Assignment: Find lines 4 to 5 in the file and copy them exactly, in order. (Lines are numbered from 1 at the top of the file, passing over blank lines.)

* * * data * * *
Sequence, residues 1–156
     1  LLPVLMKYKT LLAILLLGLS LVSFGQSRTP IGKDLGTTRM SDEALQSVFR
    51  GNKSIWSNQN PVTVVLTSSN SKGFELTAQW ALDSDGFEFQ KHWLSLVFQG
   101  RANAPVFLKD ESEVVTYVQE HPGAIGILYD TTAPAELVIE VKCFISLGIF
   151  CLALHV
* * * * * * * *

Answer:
   101  RANAPVFLKD ESEVVTYVQE HPGAIGILYD TTAPAELVIE VKCFISLGIF
   151  CLALHV